5 Steps To Self-Care When Dealing With The Loss Of A Loved One

by Samantha Surface

The alarm went off, and I pressed snooze, only to do the same thing two more times.

I managed to roll out of bed, mindlessly brush my teeth, shower and barely taste my breakfast. Suddenly, the clock indicated it was time to go to work.

Sometimes, the computer screen looked blank or just like a million molecules of color making up an image on my screen. Co-workers spoke to me, but most of the time, their voices sounded a dull drone.

Nothing quite made sense anymore. And that's when I realized I was barely functioning at work while I was grieving.

I was 23 when I started a new career, in a new city, while dealing with the loss of my mom.

Life came at me so quickly that year, but one of the toughest hurdles I had to jump was trying to function at my job while grieving. I use the word “function” loosely when describing the days and months following my mom's death because I barely did.

You do need to try to go on and accept the new reality ahead of you.

Meetings with clients were unbearable because I just wanted to burst into tears (which I did, at times) or just run back into my bed.

Colleagues would try to help me through the day, but I was a prisoner in my own emotions, and honestly, the thought of escaping was just as bad. I thought the cycle would never end, and I was right: Grieving never truly ends.

But at some point, you do need to try to go on and accept the new reality ahead of you. Here are five ways that'll make that journey a little easier:

1. Take time to yourself.

If I could relive this experience (even though the thought of that makes my heart hurt), I would have given myself more time to deal with the situation at hand.

Instead, I dove right back into work. I was too young to realize I really was not stable enough to look at spread sheets, make calls and hit weekly targets.

Unfortunately, like most 23-year-olds, I thought I was stronger than I actually was and that knew more than I really did.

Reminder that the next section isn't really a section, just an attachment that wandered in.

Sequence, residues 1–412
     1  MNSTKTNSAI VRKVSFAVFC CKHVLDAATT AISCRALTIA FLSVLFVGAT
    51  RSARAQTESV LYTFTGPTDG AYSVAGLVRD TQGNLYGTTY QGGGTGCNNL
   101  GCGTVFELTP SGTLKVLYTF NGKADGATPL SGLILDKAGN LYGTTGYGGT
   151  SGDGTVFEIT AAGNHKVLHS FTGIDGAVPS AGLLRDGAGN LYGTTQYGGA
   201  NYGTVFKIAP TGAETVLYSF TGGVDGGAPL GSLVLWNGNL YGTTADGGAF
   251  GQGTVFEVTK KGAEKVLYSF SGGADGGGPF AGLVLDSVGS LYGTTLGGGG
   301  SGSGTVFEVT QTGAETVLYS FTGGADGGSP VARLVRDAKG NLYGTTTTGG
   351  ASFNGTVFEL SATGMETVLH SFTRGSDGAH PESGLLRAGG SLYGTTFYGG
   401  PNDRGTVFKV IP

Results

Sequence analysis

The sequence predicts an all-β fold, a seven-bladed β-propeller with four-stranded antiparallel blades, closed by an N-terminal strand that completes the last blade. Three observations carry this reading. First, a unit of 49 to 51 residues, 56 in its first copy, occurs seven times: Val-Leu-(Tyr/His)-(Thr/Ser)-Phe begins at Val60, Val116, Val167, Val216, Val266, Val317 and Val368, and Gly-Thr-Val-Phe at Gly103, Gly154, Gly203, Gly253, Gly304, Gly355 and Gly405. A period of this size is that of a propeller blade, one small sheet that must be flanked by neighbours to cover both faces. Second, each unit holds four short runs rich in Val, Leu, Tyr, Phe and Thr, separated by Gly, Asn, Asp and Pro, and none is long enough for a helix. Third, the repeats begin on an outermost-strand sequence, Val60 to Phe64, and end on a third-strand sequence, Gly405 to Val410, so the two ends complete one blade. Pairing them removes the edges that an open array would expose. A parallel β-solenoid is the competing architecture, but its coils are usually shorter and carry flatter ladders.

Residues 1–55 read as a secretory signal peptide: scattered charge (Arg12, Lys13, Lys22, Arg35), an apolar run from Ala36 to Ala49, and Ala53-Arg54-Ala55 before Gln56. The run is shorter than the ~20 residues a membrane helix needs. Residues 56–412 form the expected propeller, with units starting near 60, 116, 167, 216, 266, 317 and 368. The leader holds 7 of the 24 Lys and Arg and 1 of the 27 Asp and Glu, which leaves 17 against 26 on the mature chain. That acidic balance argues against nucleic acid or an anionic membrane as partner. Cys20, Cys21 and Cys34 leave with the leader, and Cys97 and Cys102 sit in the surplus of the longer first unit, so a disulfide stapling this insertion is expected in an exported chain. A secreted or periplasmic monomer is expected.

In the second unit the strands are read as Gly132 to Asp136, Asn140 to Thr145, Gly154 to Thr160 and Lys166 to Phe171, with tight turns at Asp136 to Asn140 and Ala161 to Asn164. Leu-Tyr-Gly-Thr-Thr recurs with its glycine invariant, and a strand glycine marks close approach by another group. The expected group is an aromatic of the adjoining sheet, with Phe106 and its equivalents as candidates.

In retrospect, I would have slapped my 23-year-old self for being so naïve, and I would have forced myself to take more time to process everything. Time may never completely heal this wound, but it will start the stitching process.

2. Embrace your emotions.

I cried loudly, silently, with people and alone. I cried because my love for her was deeper than the loss from her death.

Before that moment, I had only known what it was like to love her truly in the moment. But now, I had to love her memories and the way she existed within me.

Your emotions indicate where you are in the grieving process, so don't deny yourself the ability to feel everything you need to feel in those tough moments. You deserve that much. And suppressing those emotions will only intensify the pain later on.

3. Breathe.

Simply breathing is something I took for granted until I had to figure out how to function in the work place after a traumatic event.

If you feel like you can't breathe, take a second to yourself and just focus on inhaling and exhaling — nothing else. Trust me, when you're heavily grieving, it can be more complicated than it sounds.

The toughest battles can certainly be won, and sometimes, that battle is just to breathe. So keep fighting and keep breathing because you'll win this battle eventually.

4. Go easy on yourself.

My mom had only been fighting cancer for a few months, but the inevitable crept up on us much faster than anticipated.

Was I prepared to lose her? Fuck no. Did I know how to grieve? Fuck no.

People can attempt to explain what it's like to lose a loved one and then try to go back to work, but only you can know how you'll function when you have to create a new normal for yourself.

And unfortunately, you won't know this until the grieving process begins. Eventually I had to forgive myself for the outbursts, the anger and the breakdowns I experienced. I had to forgive myself for it all because I was going into battle blind, but I was still doing the best I could.

5. Accept it.

One day, I had to accept the reality of my situation. I never had to get over this loss, but at some point, I had to function as a productive human being.

Accepting what's happened and starting to move on doesn't mean you loved the person you lost any less or that whatever hurt you're experiencing has miraculously vanished.

But learning to move on does allow you to honor your lost loved one in the way they'd want. The biggest accomplishment is going forward as best you can, even when they're not here.